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Glen Canyon Park (Select Another Park)
Chenery and Elk
Glen Canyon Park has hiking trails to explore, plus a rec center with several facilities available to the public: two baseball fields, a tennis court, as well as George Christopher Playground.
The park is owned by the San Francisco Recreation and Parks Department.
Rec Center phone number is (415) 337-4705.
Activities Listing: http://sfreconline.org
|13578||01/31/2012||Glen Canyon Park||Playground||Other||Closed - ParkScan addressed||View|
|13288||08/08/2011||Glen Canyon Park||Entrance/Fences/Gates||Graffiti||Closed - ParkScan addressed||View|
|13029||02/16/2011||Glen Canyon Park||Tree||!! Pruning Needed||Closed - ParkScan addressed||View|
If you are interested in starting a park group for this site, please contact the Neighborhood Parks Council (NPC) at (415) 621-3260 or email@example.com.
Call (415) 337-4705 for more information on activities.
The rec center hosts Tiny Tots for children 3 to 5 years old, tumbling for ages 2- to 5-year-olds, organized youth sports such as flag football, basketball, baseball, and softball, table games (ping pong and checkers), women's exercise classes, and senior tennis classes.
Bus: #44 & #52 to Elk and Bosworth
Trails aren't wheelchair accessible
Dogs are permitted.
Its colorful past began in the 1850s when, as part of the Rancho San Miguel, Adolph Sutro bought 76 acres, and named it "Gum Tree Ranch" after the blue gum eucalyptus trees he had planted. The Crocker Real Estate Company bought it in 1889 to develop a neighborhood that would attract homebuyers. Crocker installed a mini-amusement park with an aviary, a mini-zoo--bears, elephants and monkeys, a bowling alley, and, for extra thrills, hot-air balloon rides, and an intrepid tight-rope walker who performed on a wire stretched across the canyon. In 1891, when the Joost Electric Streetcar Company built the Glen Canyon line linking the neighborhood to downtown San Francisco, homebuyers flocked. Fifteen years later the park became a refugee camp for those made homeless by the earthquake and fires of 1906.
From 1907-1922, Glen Canyon Park was operated as a picnic ground -- mainly for adults. Crocker Real Estate added tables and benches, a baseball diamond and a running track. It was fenced and rented to organizations for company picnics that often turned into boisterous drinking brawls. Neighborhood children had to find other places to play. Concerned residents urged the San Francisco Recreation Commission to acquire the property for use as a playground, and in 1922, the city bought the 101 acre Glen Canyon Park and Recreation site.
The site's history holds particular interest for Friends of Glen Canyon's Richard Craib. When the WPA (Works Progress Administration) began to construct the Recreation Center in 1937, his grandfather, William "Bill" Craib Sr. was foreman on the job and his uncle, Bill, Jr. drove the dump truck. The building contains an auditorium, which hosts community meetings, yoga classes and ping pong games, two ball fields, tennis courts and a play area.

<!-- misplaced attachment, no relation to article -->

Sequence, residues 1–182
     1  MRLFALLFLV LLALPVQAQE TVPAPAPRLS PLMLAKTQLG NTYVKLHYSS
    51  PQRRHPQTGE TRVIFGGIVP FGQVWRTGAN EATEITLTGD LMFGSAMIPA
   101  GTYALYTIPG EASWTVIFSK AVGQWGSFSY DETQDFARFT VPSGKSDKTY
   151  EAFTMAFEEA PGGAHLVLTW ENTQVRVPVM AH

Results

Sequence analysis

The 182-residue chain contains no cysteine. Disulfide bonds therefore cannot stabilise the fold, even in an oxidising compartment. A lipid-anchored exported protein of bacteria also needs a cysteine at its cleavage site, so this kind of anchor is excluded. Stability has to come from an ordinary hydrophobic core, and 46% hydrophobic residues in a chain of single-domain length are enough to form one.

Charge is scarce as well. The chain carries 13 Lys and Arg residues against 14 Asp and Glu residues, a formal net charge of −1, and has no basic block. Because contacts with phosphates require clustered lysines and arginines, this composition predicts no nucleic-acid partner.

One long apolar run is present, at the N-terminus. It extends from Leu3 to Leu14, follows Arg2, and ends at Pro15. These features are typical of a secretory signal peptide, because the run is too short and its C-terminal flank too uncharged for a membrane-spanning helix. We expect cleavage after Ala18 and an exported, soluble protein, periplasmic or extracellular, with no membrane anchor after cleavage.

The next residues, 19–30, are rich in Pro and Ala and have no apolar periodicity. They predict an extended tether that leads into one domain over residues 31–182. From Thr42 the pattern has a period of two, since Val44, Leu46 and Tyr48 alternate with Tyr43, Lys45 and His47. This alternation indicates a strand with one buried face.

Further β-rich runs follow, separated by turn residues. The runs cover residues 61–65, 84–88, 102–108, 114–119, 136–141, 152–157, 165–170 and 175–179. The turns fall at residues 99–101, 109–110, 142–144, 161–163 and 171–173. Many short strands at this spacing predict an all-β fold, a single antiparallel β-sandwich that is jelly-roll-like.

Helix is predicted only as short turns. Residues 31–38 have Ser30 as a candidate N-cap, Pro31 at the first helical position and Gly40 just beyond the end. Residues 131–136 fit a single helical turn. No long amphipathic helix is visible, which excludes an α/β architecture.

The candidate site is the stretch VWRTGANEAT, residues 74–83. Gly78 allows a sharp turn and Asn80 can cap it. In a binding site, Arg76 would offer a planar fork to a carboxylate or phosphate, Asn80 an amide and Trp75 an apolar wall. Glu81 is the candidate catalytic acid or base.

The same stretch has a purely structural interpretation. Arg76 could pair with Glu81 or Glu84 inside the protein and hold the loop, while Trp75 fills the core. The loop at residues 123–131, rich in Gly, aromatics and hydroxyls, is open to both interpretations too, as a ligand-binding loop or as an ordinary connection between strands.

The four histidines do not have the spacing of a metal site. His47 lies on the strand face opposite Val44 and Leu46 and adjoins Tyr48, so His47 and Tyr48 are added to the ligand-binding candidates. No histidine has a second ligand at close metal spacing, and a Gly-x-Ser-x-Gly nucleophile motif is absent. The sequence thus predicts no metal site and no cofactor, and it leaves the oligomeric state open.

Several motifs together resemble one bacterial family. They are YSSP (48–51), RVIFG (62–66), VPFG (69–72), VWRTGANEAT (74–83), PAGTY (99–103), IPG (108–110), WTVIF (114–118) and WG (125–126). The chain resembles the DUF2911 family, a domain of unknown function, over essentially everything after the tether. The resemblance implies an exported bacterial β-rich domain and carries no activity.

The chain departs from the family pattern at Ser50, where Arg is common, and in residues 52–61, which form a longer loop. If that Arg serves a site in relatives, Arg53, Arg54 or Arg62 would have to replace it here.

In succeeding years, the neighborhood has fought off dumping problems and ill-conceived plans like building public housing, widening O'Shaughnessy Boulevard, and flooding the canyon with automobiles bringing children to Silver Day Camp, instead of the buses formerly used.
Recognizing the need for continuous leadership, the Friends of Glen Canyon Park group was formed in 1986. The Recreation and Park Department has declared Glen Canyon one of the city's six "Significant Natural Resource Areas" (the top category in the department's Natural Areas Program) and the Friends are dedicated to increasing public appreciation of it and to restoring its original vegetation and animal habitat. They involve the Native Plant Society in their restoration efforts, substituting native plants for exotic, invasive species. Currently the Friends are completing their mosquito-abatement campaign with the installation of nine bat houses adjacent to the creek. Like streams and brooks elsewhere, Islais Creek, which begins in Glen Canyon, attracts mosquitoes, known to be standard nourishment for bats. "Our plan was approved by the California Bat Conservation Fund," says Friends' Richard Craib, adding that volunteers built the houses according to the Conservation's specifications.
Inside the park's symbolically green brochure is the map for a self-guided tour, with notes on its flora, fauna and landscape. "The goal of our activities," Craib declares, "is to help people understand, protect and enjoy the beauty of this unique city park."
- Jeanne Alexander, Neighborhood Parks Council
To find the staffing schedule for this park, click here. Choose the park name from the alphabetical scroll-down menu on the Staffing page.